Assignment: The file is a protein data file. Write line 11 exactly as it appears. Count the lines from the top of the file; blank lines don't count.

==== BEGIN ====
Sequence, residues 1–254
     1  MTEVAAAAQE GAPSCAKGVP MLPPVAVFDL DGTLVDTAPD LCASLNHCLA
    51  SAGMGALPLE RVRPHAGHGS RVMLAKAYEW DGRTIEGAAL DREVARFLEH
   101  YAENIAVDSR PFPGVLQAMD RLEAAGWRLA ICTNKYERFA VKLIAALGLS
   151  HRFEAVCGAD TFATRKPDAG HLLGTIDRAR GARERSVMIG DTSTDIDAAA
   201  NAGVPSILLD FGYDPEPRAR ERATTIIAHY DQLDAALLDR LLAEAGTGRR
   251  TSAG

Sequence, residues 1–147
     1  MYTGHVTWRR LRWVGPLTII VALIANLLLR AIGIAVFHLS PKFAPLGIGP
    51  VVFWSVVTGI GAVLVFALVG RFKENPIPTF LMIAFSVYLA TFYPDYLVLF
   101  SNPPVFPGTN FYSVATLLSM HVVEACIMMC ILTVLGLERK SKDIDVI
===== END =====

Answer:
   101  SNPPVFPGTN FYSVATLLSM HVVEACIMMC ILTVLGLERK SKDIDVI